Rumors and old wives tales are passed from woman to woman regarding breastfeeding and menstruation. Some say that nursing prevents all periods, is a form of birth control, or that mom's milk goes sour if a period does return. Sorting out fact from myth is essential to your breastfeeding relationship and reproductive health.
Breastfeeding and Menstruation Basics
After having a baby, many women experience post partum bleeding. This is not menstruation. If breastfeeding, a period will return at some point in the mom's life. However, this point is not universal. The World Health Organization considers any bleeding 56 or more days after birth to be menstruation.
Some women will experience a period within the first few months of breastfeeding, once baby begins to sleep longer at night. If mom needs to supplement baby or when baby starts taking solids, menstruation may occur. However, some women have been known to go a full year or more with no period while breastfeeding. The absence of a period during breastfeeding is called "lactational amenorrhea."
If you are breastfeeding and menstruation does occur, it may be different from your prior periods. Flow may be heavier or lighter, and the length of time your period lasts may vary. Do not expect your period to be regular for several months, as your body works to regulate itself.
Menstruation does not mean you have to quit breastfeeding. Your milk supply may have a slight decrease, but your child may compensate by simply nursing more often. If you have supply issues to begin with, speak to your doctor if you feel you need help during this time. Additionally, while your milk is not "soured," your baby may notice a slight difference and not eat as well during your period.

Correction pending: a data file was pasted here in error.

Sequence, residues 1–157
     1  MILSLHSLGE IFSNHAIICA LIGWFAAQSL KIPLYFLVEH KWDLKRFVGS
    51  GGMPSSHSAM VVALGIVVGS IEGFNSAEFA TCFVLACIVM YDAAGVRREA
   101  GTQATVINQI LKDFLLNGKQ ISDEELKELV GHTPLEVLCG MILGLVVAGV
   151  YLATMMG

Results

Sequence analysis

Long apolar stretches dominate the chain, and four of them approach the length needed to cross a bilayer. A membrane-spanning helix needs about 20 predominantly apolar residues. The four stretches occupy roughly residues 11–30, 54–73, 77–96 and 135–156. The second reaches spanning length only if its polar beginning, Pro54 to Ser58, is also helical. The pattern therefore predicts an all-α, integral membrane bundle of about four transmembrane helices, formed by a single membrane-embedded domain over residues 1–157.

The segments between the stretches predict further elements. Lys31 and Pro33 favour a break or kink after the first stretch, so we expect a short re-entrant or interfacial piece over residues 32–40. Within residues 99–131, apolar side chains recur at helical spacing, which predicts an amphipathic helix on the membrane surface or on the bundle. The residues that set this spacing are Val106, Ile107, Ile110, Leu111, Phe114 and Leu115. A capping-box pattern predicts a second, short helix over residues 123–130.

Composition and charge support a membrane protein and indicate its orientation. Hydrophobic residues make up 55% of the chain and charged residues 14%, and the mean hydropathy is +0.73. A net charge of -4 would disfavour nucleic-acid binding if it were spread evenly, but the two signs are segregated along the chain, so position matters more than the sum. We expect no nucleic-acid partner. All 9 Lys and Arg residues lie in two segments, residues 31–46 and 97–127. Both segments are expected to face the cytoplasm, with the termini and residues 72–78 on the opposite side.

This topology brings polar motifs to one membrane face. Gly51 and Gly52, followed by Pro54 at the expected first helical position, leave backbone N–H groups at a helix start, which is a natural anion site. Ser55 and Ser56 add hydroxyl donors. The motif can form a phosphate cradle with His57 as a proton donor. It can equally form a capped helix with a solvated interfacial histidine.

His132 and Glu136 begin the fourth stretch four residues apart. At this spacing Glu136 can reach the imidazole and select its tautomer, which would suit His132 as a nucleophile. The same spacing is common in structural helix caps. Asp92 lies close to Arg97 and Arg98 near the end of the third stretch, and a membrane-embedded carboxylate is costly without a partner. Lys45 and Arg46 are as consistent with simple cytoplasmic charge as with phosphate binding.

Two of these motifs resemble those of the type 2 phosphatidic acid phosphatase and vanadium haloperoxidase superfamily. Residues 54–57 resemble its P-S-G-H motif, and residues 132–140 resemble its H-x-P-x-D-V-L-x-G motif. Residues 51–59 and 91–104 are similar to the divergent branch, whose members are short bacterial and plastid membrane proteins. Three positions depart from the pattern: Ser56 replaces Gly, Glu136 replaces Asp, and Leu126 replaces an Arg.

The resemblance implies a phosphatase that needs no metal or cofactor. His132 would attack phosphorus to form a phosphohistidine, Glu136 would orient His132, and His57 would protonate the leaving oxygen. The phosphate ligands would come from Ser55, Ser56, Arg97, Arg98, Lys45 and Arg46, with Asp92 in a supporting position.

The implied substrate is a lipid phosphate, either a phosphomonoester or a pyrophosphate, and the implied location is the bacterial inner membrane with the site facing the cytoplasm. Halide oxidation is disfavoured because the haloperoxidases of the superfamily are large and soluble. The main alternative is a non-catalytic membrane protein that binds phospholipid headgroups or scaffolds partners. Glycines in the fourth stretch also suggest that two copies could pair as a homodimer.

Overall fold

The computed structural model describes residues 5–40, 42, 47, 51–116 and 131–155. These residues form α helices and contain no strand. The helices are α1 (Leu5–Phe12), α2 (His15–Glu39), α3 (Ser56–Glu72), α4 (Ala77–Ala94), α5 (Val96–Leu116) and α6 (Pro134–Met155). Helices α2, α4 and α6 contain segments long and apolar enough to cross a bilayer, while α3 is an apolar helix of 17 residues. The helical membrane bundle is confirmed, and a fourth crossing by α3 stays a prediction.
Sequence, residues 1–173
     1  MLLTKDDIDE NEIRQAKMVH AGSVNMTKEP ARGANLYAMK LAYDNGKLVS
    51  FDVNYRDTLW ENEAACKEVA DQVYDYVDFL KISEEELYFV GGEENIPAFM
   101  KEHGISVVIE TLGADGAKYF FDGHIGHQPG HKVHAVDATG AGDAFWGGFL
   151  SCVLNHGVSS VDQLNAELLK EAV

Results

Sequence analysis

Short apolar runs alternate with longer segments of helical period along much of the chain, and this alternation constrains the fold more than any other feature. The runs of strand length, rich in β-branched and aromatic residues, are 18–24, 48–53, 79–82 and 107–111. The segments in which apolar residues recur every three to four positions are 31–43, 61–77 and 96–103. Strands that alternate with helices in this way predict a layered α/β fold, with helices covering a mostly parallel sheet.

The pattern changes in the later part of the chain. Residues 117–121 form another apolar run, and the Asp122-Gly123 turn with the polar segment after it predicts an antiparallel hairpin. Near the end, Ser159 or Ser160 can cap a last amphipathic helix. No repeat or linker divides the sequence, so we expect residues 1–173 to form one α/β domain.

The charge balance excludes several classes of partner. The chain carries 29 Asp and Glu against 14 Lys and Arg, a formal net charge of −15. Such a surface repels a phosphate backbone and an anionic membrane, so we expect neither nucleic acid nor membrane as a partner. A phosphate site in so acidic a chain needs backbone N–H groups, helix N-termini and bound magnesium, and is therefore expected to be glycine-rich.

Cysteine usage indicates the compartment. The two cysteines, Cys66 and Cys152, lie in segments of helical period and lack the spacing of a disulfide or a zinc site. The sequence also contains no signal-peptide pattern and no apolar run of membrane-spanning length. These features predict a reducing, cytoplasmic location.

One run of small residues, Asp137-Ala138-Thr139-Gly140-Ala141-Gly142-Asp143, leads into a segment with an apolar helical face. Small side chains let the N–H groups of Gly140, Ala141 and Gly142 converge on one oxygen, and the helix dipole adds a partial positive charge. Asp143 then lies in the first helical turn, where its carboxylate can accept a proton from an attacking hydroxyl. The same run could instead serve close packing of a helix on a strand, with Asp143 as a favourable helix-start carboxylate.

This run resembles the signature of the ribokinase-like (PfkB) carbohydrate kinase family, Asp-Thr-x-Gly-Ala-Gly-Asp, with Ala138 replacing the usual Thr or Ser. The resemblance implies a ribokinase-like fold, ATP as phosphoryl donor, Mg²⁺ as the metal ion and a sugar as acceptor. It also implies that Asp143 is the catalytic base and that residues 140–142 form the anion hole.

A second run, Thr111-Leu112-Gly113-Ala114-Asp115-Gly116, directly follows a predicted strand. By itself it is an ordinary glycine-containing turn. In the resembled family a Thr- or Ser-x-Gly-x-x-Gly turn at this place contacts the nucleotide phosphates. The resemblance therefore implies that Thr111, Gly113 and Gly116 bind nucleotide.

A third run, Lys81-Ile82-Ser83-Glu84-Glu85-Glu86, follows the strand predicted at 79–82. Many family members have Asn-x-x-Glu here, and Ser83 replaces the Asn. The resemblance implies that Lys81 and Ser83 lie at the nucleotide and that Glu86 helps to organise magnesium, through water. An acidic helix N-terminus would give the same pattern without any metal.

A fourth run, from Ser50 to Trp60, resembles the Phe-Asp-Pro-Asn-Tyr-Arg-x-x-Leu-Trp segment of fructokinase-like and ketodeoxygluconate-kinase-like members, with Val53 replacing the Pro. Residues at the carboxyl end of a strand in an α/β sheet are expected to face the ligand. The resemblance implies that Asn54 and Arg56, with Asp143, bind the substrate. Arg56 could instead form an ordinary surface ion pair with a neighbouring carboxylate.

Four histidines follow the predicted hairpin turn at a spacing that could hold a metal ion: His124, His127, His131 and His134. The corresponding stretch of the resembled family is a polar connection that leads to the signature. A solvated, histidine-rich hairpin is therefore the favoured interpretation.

Moms who experience menstruation may notice more nipple or breast tenderness. They may also feel different while nursing. These feelings will pass after you finish your period.
Conception While Breastfeeding
Even if your period does not return while breastfeeding, it is still possible to conceive. The absence of menstruation does not mean that you will not ovulate. Therefore, some form of birth control should be used once you have been given the okay by your doctor to resume sexual activity.
The chances of getting pregnant while breastfeeding and menstruation has not returned range somewhere between one and two percent for the first six months of breastfeeding. After your baby turns six months, the chances of conceiving while breastfeeding (with no menstruation) goes up.
Using breastfeeding as an exclusive form of birth control is known as the lactational amenorrhea method (LAM). While many advocate this as an effective form of birth control when done correctly, some women find it difficult or are uncomfortable following all the necessary guidelines, like no pacifier use and nursing frequently for long periods of time. For this reason, doctors often recommend another method of birth control to be used in conjunction with LAM.
Methods of Birth Control
Breastfeeding women have several options for birth control. Most doctors do not recommend using hormonal birth control that combines estrogen and progesterone, because it may decrease supply. This leaves barrier methods and progestin-only birth control as methods.
These methods of birth control can be taken in the form of:
- Progestin-only birth control pills ("mini pill")
- Progestin-only implants
- Progestin-only injections
- IUDs (intrauterine devices)
- Cervical caps
Depending on the method of birth control you choose, you may have to wait several weeks before being able to use your first choice. Most doctors require a waiting period of four to six weeks before having intercourse or inserting anything into the vagina after birth.
To learn more about breastfeeding and menstruation, speak to a lactation consultant at your clinic or hospital. Talk to your doctor about the best method of birth control to use while you nurse your child.